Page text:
- Both meetings are open to the press and public
- What is said and done at each meeting is fundamentally different.
- One is formal whilst the other should be relatively informal.
- There are specific legal requirements as to when each meeting must be held.
Article Contents - Click on a link below
A Subscription and Login is needed to read the following...
- It is worth noting that Town and Parish councils do not have AGMs (Annual General Meetings) as they are not limited companies, clubs or associations but part of local government whose operations are defined in legislation.
- Councils advertising an AGM are engaging in bad practice.
- This creates confusion for residents who may not realise that their parish council is part of local government.
- It also indicates that the clerk is probably untrained and lacks basic competence.
This is the meeting of the parish council where they...
- elect the chairman,
- decide when the council's ordinary meetings will be held,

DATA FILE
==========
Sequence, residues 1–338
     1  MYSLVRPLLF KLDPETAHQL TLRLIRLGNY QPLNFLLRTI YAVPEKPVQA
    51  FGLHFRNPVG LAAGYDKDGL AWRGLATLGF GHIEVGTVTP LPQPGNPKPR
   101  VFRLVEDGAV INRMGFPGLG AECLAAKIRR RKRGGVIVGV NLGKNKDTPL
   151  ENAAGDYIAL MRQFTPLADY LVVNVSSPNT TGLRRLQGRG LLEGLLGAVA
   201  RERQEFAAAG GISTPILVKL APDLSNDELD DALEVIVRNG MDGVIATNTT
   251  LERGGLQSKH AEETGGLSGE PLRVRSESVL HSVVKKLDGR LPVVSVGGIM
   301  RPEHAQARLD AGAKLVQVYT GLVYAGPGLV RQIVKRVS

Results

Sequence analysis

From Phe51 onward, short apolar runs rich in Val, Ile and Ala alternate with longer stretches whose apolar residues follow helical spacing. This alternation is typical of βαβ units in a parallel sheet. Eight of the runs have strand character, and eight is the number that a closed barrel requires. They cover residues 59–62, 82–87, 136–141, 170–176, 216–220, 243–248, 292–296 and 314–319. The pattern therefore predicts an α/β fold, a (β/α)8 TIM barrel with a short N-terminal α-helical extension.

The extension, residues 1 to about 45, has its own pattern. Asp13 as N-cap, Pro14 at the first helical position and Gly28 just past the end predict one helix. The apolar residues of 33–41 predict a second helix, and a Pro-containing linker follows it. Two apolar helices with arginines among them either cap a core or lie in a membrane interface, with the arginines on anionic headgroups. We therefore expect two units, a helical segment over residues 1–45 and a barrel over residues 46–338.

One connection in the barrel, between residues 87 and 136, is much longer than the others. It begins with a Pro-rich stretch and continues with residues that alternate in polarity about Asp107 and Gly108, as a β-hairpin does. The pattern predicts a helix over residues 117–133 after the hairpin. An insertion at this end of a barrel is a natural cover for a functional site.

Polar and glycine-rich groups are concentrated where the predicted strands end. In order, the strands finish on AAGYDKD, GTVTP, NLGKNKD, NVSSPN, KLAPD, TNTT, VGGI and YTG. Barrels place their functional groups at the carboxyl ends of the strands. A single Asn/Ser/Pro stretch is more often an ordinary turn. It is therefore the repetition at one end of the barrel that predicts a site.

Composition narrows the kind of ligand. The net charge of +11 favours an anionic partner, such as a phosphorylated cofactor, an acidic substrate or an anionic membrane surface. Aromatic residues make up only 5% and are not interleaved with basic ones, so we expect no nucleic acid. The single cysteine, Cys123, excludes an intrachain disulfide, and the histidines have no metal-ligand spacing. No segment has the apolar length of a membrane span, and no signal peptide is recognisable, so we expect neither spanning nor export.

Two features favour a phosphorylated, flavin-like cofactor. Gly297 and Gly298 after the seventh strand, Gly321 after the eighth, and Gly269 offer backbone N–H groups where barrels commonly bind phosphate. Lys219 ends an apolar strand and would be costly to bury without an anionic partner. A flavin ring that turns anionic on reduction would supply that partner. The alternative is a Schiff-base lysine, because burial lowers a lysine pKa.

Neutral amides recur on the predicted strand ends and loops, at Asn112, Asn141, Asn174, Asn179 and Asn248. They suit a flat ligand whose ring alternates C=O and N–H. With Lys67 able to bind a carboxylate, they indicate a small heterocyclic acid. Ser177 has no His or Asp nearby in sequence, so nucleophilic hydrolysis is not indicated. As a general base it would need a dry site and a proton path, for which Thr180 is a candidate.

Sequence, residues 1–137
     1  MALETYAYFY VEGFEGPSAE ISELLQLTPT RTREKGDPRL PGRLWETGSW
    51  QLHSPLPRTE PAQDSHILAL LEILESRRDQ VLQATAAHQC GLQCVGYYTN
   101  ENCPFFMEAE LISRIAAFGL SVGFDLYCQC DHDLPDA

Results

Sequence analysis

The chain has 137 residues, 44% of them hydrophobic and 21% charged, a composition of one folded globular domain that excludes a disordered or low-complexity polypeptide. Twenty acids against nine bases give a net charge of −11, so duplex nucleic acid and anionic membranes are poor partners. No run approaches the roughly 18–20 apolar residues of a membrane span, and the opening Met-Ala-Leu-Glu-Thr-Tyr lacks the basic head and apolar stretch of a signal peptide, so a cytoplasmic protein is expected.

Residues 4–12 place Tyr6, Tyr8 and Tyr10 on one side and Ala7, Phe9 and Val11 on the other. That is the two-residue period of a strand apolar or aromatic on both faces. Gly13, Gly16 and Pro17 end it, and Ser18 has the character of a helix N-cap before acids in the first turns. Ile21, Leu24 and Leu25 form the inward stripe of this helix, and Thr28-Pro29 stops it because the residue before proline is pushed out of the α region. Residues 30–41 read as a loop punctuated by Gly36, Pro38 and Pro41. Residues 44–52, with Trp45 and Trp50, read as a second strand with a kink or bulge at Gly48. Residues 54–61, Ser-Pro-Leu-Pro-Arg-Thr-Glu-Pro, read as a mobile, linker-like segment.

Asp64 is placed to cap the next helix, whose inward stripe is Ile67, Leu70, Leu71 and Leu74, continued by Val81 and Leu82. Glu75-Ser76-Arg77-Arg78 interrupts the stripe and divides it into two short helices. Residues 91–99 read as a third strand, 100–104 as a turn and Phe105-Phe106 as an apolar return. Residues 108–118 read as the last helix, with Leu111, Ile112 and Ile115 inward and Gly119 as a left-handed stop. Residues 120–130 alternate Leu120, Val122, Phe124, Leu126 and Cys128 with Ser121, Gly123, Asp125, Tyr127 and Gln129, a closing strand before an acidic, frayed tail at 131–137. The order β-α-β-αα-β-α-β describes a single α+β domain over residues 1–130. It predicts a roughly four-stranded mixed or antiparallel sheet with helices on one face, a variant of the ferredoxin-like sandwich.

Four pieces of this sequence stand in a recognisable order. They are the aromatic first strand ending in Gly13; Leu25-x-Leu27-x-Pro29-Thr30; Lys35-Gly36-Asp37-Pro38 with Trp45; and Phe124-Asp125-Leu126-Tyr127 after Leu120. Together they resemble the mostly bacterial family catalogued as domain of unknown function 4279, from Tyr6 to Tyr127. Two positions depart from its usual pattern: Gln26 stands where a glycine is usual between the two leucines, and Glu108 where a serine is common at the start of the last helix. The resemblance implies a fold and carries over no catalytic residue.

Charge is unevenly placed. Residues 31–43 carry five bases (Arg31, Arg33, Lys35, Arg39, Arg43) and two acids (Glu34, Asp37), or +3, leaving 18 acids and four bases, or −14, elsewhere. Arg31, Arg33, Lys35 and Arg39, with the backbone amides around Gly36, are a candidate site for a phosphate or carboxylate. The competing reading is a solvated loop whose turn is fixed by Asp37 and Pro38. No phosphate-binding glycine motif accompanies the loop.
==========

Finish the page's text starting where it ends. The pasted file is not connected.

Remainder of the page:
- make other annual appointments and review their insurance,
- risk management policies, etc.
- This is the meeting where the parish council invite the public and press to hear reports from the Chairman, District & County Councillors, maybe from Neighbourhood Watch or any organisation that the council gave significant funding to.
- There should also be an opportunity for the public and press to express their opinions on what the council are doing.
- No votes taken at this meeting are binding on the parish council although they should consider them at the next meeting of the parish council.
- Only members on the electoral roll can vote on an issue – other members of the public can attend and express their opinions but not vote.
- If the council has standing orders these should be suspended for the annual meeting of the parish.
- It is recommended that in an election year the Annual Parish Meeting should be held after the elections to prevent the meeting being used as a “hustings” for potential District and County Councillors.